So, what ended up happening was people still need access to financial services, except the only financial services they have around are predatory lenders. Except everyone still has a smartphone—it might not be an iPhone, but they have a smartphone. So, the credit unions made a smartphone app that you could just use and have access to a fair financial institution. And so, that became a primary way for them to serve black communities in the Delta that no one else was willing to serve. And for Green America, up until then all of our programs and all of our content was written around, Here’s how you divest, here’s how you go to a bank and say, “I’m leaving you because X, Y, and Z.” But very little content was about, Here’s how you find a bank that is inclusive, here’s how you find a community bank that is not just taking money out of communities, here’s how you find a bank that isn’t investing in fossil fuels.

As part of our process for figuring out how to create new content around fair finance, I went, Here is an entire community that we’re supposed to be serving, that we’re not. So, now the next time we start writing around these issues, let’s find someone who can write on this beat. Let’s find someone who can create something that is easy to read, that is accessible. When we publish the next version of our fossil fuel-free banking guide, we’ll make it responsive, we’ll make it mobile-first, and we’ll have right at the top, “Here’s what you do if you don’t have access to a bank. And by the way, this bank is also serving the local communities, and by the way, this bank also isn’t investing in fossil fuels.”

Karen:

Cordelia, I really loved the story of the “Letters for Black Lives” that you were involved with, and I’d love if you could maybe tell for our listeners a little bit about the background on that, if people aren’t familiar with it. But I think—near and dear to my heart, and probably for yours as well—is the story of how the editing process on something of that magnitude took place, and the work that everybody was doing in Google Docs and the spreadsheets. And honestly, I’m just thrilled to have you here because I’d love to hear a little bit of your perspective on how you actually physically made that happen.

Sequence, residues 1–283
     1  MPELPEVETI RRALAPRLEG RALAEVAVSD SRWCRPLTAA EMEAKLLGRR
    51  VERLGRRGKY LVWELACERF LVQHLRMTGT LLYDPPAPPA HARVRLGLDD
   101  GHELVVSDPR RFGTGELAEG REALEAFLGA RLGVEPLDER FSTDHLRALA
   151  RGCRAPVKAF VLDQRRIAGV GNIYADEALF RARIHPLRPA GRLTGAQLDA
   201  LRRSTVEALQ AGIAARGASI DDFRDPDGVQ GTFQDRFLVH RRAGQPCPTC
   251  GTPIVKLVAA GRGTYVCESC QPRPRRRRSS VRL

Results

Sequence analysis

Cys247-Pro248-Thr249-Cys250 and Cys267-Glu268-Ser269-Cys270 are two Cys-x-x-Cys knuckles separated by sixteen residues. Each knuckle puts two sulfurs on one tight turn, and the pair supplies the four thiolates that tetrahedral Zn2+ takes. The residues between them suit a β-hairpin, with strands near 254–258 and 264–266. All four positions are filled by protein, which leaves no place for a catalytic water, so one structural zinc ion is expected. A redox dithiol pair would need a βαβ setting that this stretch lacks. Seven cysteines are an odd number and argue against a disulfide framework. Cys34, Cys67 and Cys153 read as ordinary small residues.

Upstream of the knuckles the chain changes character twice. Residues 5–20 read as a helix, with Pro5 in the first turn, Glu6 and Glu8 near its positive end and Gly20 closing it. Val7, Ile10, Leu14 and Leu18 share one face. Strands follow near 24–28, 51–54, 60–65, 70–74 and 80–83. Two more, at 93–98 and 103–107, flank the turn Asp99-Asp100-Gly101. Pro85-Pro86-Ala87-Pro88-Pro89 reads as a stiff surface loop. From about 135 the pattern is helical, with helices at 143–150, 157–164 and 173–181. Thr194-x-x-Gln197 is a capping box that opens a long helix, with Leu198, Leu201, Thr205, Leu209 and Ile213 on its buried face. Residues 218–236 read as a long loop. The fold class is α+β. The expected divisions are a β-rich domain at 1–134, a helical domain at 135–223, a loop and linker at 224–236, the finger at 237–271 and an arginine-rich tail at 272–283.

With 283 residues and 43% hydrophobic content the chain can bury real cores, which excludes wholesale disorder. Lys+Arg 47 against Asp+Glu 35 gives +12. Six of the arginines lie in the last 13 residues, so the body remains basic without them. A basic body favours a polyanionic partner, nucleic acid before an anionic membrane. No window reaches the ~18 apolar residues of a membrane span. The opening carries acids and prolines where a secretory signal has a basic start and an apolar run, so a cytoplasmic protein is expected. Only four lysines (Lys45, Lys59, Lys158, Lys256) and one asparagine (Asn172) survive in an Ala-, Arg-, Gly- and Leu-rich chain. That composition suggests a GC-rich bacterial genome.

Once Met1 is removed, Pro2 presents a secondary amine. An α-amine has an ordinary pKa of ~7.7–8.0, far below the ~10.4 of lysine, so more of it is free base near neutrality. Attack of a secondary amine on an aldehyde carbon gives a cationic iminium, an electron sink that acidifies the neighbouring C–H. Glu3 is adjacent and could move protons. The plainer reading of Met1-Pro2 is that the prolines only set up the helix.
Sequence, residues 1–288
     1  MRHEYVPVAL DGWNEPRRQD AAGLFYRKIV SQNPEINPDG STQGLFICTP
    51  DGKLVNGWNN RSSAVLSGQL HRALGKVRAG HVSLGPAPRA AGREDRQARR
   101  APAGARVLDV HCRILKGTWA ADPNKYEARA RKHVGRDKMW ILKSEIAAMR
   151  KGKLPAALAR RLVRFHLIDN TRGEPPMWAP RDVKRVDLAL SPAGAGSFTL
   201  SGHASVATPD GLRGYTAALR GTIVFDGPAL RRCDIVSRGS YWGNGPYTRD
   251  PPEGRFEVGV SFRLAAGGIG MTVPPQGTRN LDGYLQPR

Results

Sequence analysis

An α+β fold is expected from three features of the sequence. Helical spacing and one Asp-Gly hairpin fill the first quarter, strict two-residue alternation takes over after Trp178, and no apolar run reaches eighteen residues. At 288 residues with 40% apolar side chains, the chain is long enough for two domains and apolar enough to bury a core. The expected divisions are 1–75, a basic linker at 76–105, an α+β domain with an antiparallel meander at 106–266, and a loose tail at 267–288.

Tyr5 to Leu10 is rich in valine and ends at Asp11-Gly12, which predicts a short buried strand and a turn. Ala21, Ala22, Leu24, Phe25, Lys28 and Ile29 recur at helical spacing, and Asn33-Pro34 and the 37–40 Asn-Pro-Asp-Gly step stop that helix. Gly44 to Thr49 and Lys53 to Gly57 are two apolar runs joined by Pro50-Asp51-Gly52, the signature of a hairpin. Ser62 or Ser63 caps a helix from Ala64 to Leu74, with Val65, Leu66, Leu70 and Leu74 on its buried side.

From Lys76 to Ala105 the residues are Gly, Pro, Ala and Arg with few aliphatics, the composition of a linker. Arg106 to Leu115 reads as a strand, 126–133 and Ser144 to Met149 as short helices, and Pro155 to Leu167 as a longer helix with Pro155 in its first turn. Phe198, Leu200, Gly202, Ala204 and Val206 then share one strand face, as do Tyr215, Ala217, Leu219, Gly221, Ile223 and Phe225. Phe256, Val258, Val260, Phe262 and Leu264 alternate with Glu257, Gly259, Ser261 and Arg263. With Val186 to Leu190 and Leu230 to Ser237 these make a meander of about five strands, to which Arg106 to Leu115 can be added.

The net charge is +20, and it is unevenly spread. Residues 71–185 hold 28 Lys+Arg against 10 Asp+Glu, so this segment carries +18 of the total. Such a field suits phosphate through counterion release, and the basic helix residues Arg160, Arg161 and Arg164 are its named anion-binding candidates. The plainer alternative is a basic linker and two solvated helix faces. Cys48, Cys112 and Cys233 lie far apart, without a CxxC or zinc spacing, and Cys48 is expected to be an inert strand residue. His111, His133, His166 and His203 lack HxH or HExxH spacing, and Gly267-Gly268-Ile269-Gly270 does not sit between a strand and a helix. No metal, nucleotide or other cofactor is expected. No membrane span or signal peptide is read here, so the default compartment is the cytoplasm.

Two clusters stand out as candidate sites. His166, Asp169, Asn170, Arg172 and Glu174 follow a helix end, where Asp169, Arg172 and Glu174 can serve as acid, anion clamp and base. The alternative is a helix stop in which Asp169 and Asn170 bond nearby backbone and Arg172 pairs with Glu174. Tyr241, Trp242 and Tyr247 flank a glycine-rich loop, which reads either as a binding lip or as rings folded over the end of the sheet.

Cordelia:

So, it was the beginning of last July, it was right after Alton Sterling and Philando Castile had been killed by police, and one of their girlfriends livestreamed it on Facebook, and one of her comments was, “The policeman is Chinese,” or, “He’s asian.” And my friend, Christina Xu, who’s an ethnographer in New York, immediately went, “Oh no, I can’t have this conversation with my family anymore.” Because before, when the policeman, Peter Liang, killed a black man in his own apartment complex, Chinese-American communities came out in droves to protest the fact that Peter Liang, the man who shot a man and killed a man, was being tried for killing someone. Asian-American communities, particularly Chinese-American communities, have sort of this proximity to “whiteness,” that we feel like we’re protected, and so sometimes we side with whiteness, and we really shouldn’t be.

So, she went, I can’t have this discussion with my family again. She tweeted out, “I’m starting this letter maybe a few friends will help me write, talking about why we have to stand up against anti-blackness in our own communities.” And it grew ridiculously quickly; I joined a couple hours afterward. It started out that we were just talking in a group. People were joining the Google Doc; we really quickly figured out that Google Docs kind of crashes when about 200 people join and try to edit, and then when even more people try to read it, it just outright stops anyone from seeing it, which was interesting. So, about ten of us were in Twitter DMs, going, “Alright, how do we organize ourselves around this?” So, everyone was contributing their ideas to the letter. Almost completely organically people were going, “We need to keep this a certain length so it’s readable. We need to keep it at a certain level, because not everyone understands the terminology around social justice. So, here are a couple ideas we think we want to talk about, here are ideas we don’t think fit here but maybe we can talk about later; we’ll move that down…”